Vote-buttonCounty auditors in some of Iowa’s most-populous counties are reporting “steady” to “strong” turn-out for today’s election. Jamie Fitzgerald is the auditor in Iowa’s largest county.

“All reports we’ve heard, every part of Polk County seems to be having heavier turn-out than normal,” says Polk County Auditor Jamie Fitzgerald. “We still think we are going to get to 80-85 percent turnout here in Polk County.”

There are lines “in a lot” of Des Moines-area precincts, according to Fitzgerald.

“A lot of them are just getting off work, getting off work early to go vote, so the lines are moving very quickly,” Fitzgerald says.

Kristi Everett is the first deputy in the Pottawattamie County Auditor’s office and she expects a surge about five o’clock, when people vote on the way home from work.

“This morning we were seeing lines at most of the polling places in Council Bluffs,” Everett says. “Things have started to calm down a little bit. They’re just steady at the polling places right now.”

Everett talked with Radio Iowa at about 3 p.m. Yesterday, the Linn County Auditor’s Office in Cedar Rapids stayed open until 7:09 p.m., so more than 1100 people waiting in line could vote on the day before the election. In Dubuque County, Auditor Denise Dolan says she hasn’t heard any reports of long lines, but she says it is busy.

“From the call-ins that we got this morning, it looks like we will have a good turnout,” Dolan says.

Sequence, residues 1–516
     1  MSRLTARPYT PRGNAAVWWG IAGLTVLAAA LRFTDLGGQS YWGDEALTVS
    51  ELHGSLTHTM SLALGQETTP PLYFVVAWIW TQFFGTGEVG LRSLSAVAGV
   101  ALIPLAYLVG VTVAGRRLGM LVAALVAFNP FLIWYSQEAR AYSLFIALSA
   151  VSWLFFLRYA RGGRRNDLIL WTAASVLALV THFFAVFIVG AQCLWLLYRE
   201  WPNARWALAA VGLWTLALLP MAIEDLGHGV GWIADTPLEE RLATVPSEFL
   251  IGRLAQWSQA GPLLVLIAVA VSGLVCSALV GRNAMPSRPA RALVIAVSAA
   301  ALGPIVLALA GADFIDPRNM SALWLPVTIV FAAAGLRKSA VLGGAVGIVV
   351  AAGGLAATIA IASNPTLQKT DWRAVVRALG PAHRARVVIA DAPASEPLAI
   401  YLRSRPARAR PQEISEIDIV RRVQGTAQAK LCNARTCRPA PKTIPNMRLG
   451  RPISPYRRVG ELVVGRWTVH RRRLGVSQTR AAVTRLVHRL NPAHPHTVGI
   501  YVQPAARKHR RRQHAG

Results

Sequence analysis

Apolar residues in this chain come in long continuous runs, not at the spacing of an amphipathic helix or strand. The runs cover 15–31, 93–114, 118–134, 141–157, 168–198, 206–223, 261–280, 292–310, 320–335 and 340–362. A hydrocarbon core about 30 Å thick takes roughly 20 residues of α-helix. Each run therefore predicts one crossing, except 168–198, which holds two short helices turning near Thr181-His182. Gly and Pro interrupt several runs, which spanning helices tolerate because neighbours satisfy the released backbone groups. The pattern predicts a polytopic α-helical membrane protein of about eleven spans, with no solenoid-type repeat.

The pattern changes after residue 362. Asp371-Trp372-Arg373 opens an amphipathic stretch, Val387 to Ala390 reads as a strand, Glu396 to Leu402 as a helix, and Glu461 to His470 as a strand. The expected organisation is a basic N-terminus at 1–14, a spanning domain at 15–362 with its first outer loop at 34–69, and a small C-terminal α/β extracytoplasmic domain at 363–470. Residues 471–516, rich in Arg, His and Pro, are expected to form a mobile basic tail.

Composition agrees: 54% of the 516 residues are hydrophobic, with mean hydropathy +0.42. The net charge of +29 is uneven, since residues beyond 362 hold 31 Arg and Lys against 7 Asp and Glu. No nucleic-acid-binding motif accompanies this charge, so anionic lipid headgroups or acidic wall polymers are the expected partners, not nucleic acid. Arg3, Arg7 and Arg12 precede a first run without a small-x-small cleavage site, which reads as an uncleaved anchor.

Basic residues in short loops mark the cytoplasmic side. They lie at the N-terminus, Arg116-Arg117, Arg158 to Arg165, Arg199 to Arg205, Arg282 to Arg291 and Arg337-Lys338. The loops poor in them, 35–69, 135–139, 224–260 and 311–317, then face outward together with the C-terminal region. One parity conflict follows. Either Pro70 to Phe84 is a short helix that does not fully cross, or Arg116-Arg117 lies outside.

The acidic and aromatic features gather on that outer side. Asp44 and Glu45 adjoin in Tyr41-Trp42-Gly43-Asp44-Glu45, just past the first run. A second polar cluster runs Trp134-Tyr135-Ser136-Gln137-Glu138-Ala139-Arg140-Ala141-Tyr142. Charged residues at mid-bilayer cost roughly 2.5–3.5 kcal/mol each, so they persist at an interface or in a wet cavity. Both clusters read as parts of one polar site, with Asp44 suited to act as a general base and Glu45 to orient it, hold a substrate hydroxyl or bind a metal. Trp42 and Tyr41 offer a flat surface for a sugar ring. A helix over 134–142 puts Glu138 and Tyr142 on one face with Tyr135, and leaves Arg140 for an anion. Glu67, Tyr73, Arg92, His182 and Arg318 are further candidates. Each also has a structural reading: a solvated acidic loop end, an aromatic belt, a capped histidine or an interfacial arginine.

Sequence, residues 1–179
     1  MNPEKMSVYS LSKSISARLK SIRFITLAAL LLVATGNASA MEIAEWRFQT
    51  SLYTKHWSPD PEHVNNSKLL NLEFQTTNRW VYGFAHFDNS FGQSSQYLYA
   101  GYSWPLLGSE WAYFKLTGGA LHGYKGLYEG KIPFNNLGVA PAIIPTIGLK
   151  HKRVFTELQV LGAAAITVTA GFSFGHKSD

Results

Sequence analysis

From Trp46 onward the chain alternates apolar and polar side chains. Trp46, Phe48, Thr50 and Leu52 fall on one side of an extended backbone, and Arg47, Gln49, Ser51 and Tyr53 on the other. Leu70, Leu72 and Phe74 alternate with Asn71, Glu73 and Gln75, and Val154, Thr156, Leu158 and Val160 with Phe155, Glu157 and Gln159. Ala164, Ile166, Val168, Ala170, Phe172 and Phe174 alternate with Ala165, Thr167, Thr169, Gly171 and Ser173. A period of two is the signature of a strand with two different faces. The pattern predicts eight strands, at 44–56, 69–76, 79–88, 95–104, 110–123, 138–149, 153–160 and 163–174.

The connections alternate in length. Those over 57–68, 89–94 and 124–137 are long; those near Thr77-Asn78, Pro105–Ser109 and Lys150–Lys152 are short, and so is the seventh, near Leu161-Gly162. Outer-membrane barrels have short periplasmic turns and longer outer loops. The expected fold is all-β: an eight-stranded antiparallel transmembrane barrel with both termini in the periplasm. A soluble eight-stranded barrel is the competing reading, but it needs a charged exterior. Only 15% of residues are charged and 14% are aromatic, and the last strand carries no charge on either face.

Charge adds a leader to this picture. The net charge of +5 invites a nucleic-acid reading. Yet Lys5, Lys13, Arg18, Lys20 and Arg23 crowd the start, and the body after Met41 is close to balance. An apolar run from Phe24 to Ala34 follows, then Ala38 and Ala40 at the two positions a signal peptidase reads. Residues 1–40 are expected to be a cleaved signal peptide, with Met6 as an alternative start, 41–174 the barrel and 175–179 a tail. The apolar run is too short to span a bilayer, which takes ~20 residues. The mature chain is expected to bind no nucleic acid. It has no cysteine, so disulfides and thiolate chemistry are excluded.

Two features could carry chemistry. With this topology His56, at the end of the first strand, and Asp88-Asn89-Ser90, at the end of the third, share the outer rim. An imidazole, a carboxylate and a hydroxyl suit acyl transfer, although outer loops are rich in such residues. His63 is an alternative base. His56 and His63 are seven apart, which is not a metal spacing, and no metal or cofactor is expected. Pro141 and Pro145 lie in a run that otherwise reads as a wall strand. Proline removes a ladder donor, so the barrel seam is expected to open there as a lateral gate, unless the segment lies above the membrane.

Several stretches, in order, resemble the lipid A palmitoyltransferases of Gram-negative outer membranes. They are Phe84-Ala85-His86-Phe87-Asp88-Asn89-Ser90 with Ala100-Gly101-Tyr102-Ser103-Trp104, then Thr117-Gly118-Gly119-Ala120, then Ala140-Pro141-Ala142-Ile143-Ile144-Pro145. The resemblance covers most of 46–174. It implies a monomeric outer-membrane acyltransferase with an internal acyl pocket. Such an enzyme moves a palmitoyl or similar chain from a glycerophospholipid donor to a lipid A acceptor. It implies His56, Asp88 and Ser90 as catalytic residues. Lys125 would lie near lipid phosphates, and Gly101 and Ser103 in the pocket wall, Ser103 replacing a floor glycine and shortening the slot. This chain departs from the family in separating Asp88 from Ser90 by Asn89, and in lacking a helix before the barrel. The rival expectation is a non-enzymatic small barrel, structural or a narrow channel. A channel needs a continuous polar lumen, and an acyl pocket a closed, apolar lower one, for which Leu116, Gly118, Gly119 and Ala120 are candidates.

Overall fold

There were fewer absentee ballot requests from Dubuque County voters this year.

“We were a little below four years ago, but only by maybe a thousand,” Doland says. “We did find that more people were voting in person this year than requesting that a ballot be mailed to them, which we thought was interesting, and we aren’t quite sure why that was.”

Overall, Dolan says there haven’t been any problems her office can’t handle.

“There are always issues. You never know what they are going to be from year-to-year, but you just deal with them and go on,” she says.

About a third of Dubuque County voters mailed in ballots before Election Day.

Johnson County Auditor Travis Weipert says voters in Iowa City, Coralville and other areas of his county were ready to go as soon as the polls opened.

“Early this morning we were extremely heavy in a lot of our precincts, extremely heavy,” Weipert says.

Weipert estimates his staff has delivered more ballots to 15 or 20 of the 57 precincts in Johnson County. Some of that is in areas where there are more voters, due to population growth. Johnson County was just shy of 41,000 ballots returned by Monday and 1,846 people voted at his officer Monday, which topped the previous one-day high of 1,341. Weipert says the early voted was running below the last presidential election until a bit of a recent surge.

“We were down with mail ballots and satellites…but our (at the) counter voting was over what we ever expected,” Weipert says. “S, we are still down a little bit, but we’re definitely pushing into the 2012 territory.”

Johnson County is home to the University of Iowa and he says they’ve seen some late interest from students.

“At Peterson Hall today as of 11 o’clock we had 53 Election Day registrations…so that’s probably all students,” Weipert says. “So 233 people voting there — 53 being election day registrations.”

Weipert says he and his staff saw several people decide Monday that they were going to vote.

“Yesterday we had a mad rush of them here. When we did our satellite at the Iowa Memorial Union, same deal, probably every other voter was an Election Day registration or new registration,” Weipert says.

Woodbury County’s Auditor says turn-out is “slightly above average” in Sioux City and the surrounding area.

(Additional reporting by Radio Iowa’s Dar Danielson)